Cell culture and treatments. MDA-MB-231 cells were grown in DMEM: F12 (Cellgro) containing 5% calf serum. The cultures were synchronized in phenol red–free serum-free medium for 24 h and then stimulated with 340 nmol/L insulin (Sigma) for 4 or 16 h, depending on the experiment. LY294002 (LY; Calbiochem) at 50 μmol/L was used to inhibit PI-3K, whereas UO00126 (UO; Calbiochem) at 5 μmol/L was used to down-regulate ERK1/2 activity. These doses were identified before as the most effective, nontoxic concentrations for MDA-MB-231 cells ( 33).
Western blotting. The cells were stimulated with 340 nmol/L insulin for 4 h and then lysed to obtain cytoplasmic and nuclear proteins, as described before ( 34). The expression of proteins was analyzed in 70 μg of cytoplasmic or nuclear cell lysates. The following antibodies (Ab) were used for Western blotting (WB): HIF-1α monoclonal (m)Ab (B&D systems); Sp1 (PEP2) polyclonal (p)Ab (Santa Cruz Biotechnology); anti–β-tubulin H235 (Santa Cruz); and nucleolin mAb (Santa Cruz). The proteins were separated on a 4% to 15% polyacrylamide gel, immunoblotted, and quantified as described before ( 34).
Luciferase reporter assays. Luciferase assays were performed as described before ( 34). In brief, MDA-MB-231 cells grown in 6-well plates were transfected for 6 h with 0.5 μg DNA mixture per well using Fugene 6 (Roche). The transfection mixtures contained 0.3 μg of either the leptin promoter reporter plasmid pGL3-Ob1 encoding the firefly luciferase (Luc) cDNA under leptin promoter (from −2924 to +31; ref. 35) or the empty vector pGL3. To control transfection efficiency, the cells were cotransfected with 50 ng of pRL-TK-Luc, a plasmid encoding Renilla luciferase (RI Luc; Promega). Upon transfection, the cells were treated with 340 nmol/L insulin for 4 h, or left untreated. Luciferase activity (Luc and RI Luc) in cell lysates was measured using Dual Luciferase Assay System (Promega) following the manufacturer's instructions and quantified as described previously ( 34). All experiments were repeated at least four times.
Chromatin immunoprecipitation. We followed chromatin immunoprecipitation (ChIP) methodology described in detail previously ( 34). MDA-MB-231 cells were treated with 340 nmol/L insulin and/or 50 μmol/L LY, 5 μmol/L UO for 4 h, or left untreated. Next, the cells were crosslinked with 1% formaldehyde, and chromatin was collected and sonicated. Soluble chromatin was immunoprecipitated with the following Abs: HIF-1α pAb (Santa Cruz), Sp1 pAb (Santa Cruz), p300 pAb (Upstate Biotechnology), and Histone 3 (H3) pAb (Upstate Biotechnology). DNA-protein immune complexes were eluted, reverse crosslinked, and DNA was extracted. The presence of leptin promoter domains containing HRE and Sp1 motifs in immunoprecipitated DNA was identified by PCR using the following primers: Lep1 (region from −992 to +377): forward, 5′-GCGCAGTGGGGACCAGAA-3′ and reverse, 5′-CACCACCTCTGTGGAGTAG-3′; Lep2 (region from −2742 to −1403): forward, 5′-AAAGGGCCAGGTAGAAAACAT-3′; reverse, 5′-GTTTGGTAATGCCCAAAAGCT-3′. The primers for the glyceraldehyde-3-phosphate dehydrogenase promoter were as follows: forward, 5′-GCTACTAGCGGTTTTACGGG-3′ and reverse, 5′-AAGATGCGGCTGACTGTCGAA-3′. The PCR conditions for Lep1 region were as follows: 1 min at 94°C, 1 min at 53°C, and 1 min 20 s at 72°C. For Lep2 region, the PCR conditions were as follows: 1 min 94°C, 1 min at 60°C, and 1 min at 72°C. The amplification of Lep regions was analyzed after PCR 32 cycles. In control samples, the primary Abs were replaced with nonimmune rabbit IgG. All experiments were repeated at least thrice.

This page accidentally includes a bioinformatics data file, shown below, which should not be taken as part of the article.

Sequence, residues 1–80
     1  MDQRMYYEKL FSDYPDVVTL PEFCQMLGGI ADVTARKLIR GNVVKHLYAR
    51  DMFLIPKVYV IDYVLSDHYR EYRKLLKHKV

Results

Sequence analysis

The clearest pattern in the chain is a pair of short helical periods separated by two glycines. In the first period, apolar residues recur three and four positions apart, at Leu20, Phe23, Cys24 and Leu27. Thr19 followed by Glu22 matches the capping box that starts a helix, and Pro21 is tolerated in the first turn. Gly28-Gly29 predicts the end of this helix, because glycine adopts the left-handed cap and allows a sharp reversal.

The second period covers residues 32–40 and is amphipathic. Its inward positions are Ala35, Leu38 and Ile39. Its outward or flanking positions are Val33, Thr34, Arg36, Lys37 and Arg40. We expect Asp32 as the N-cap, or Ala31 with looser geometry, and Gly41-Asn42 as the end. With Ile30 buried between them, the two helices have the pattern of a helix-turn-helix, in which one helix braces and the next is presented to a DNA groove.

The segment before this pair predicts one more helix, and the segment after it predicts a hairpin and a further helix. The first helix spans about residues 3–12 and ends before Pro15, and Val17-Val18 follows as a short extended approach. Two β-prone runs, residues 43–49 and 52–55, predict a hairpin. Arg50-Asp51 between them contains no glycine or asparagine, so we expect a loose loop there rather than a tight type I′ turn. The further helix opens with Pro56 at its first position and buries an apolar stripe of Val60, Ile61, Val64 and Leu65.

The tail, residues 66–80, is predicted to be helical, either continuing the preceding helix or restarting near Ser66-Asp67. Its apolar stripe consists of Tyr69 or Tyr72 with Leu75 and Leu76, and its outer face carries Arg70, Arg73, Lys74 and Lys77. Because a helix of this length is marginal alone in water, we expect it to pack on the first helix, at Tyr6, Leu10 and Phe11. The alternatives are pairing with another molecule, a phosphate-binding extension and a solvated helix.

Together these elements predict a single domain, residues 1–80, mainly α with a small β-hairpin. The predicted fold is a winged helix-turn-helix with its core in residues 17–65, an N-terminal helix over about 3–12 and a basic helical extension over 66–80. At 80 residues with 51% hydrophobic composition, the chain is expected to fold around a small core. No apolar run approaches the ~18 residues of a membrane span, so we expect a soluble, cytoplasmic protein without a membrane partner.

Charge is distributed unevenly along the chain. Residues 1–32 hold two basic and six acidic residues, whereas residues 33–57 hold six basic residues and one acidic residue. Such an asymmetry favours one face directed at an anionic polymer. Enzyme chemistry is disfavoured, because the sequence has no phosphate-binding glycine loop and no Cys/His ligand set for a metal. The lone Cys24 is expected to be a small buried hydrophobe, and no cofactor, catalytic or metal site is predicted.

DNA affinity precipitation assay. Binding of nuclear HIF-1α and Sp1 to their specific responsive elements on Lep1 (region −602 to −631 for HIF-1α and region −354 to −323 for Sp1) and on Lep2 (region −2592 to −2562 for HIF-1α and region −2540 to −2510 for Sp1) was assessed using DNA affinity precipitation assay (DAPA) protocol described before ( 32, 36). Briefly, 100 μg of nuclear proteins obtained from cells stimulated with 340 nmol/L insulin and/or 50 μmol/L LY, 5 μmol/L UO for 4 h were mixed with 2 μg of specific biotinylated DNA HRE probes in 400 μL of Buffer D ( 32, 36) and then precipitated with 50 μL of streptavidin-agarose beads (Invitrogen). Upon removal of beads, supernatants were analyzed for the presence and abundance of HIF-1α and Sp1 by WB. The specific HRE probes were prepared by annealing a biotinylated sense oligonucleotide (HRE-1, HRE-2, and HRE-3) with the corresponding nonbiotinylated antisense oligonucleotide. The pairs for Lep1 were as follows: for HIF-1α, 5′-Bio-TCCAGAGAGCGTGCACTCCCTGGGTGCCA-3′ and 5′-TGGCACCCAGGGAGTGCACGCTCTCTGGA-3′; for Sp1, 5′-Bio-CTCACAGCCACCCCCGCCCGGACCGCGCCCC-3′ and 5′-GGGGCGCGGTCCGGGCGGGGGTGGCTGTGAG-3′. The pairs for Lep2 were as follows: for HIF-1α, 5′-Bio-GTAATTTTCCCGTGAGAACTATTCTTCTTT-3′ and 5′-AAAGAAGAATAGTTCTCACGGGAAAATTAC-3′; for Sp1, 5′-Bio-GCGCTGATCCTCCCGCCTCAGTCTCCCTAA-3′ and 5′-TTAGGGAGACTGAGGCGGGAGGATCAGCGC-3′. Unlabeled probes were used as negative controls. As an additional control, a 10-fold excess of unlabeled probes was added to the nuclear lysates 30 min before the addition of the labeled probes to block specific probe-protein interactions, as described before ( 36). All experiments were repeated at least thrice.
Leptin mRNA measurements by quantitative real-time PCR. MDA-MB-231 cells were treated for 4 h with 340 nmol/L insulin, and/or 50 μmol/L LY, 5 μmol/L UO for 4 h, or left untreated. For knockdown experiments, the cells were transfected with HIF-1α siRNA and/or Sp1 siRNA (Applied Biosystems), as described below. Total cellular RNA was isolated using TRIzol reagent (Invitrogen). Three micrograms of total RNA were reverse transcribed using the Taq Man RT kit (Applied Biosystems) according to vendor's instructions. Two microliters of the RT products were used to amplify leptin sequences using the Hs00174877_m1 Lep Taq Man kit (Applied Biosystems). To normalize quantitative real-time PCR (QRT-PCR) reactions, parallel Taq Man assays were run on each sample for α-actin. Changes in the leptin mRNA content relative to α-actin mRNA were determined using a threshold cycle (CT) method (ABI User Bulletin no. 2) to calculate changes in CT and, ultimately, fold and percent change. An average CT value for each RNA was obtained for replicate reactions.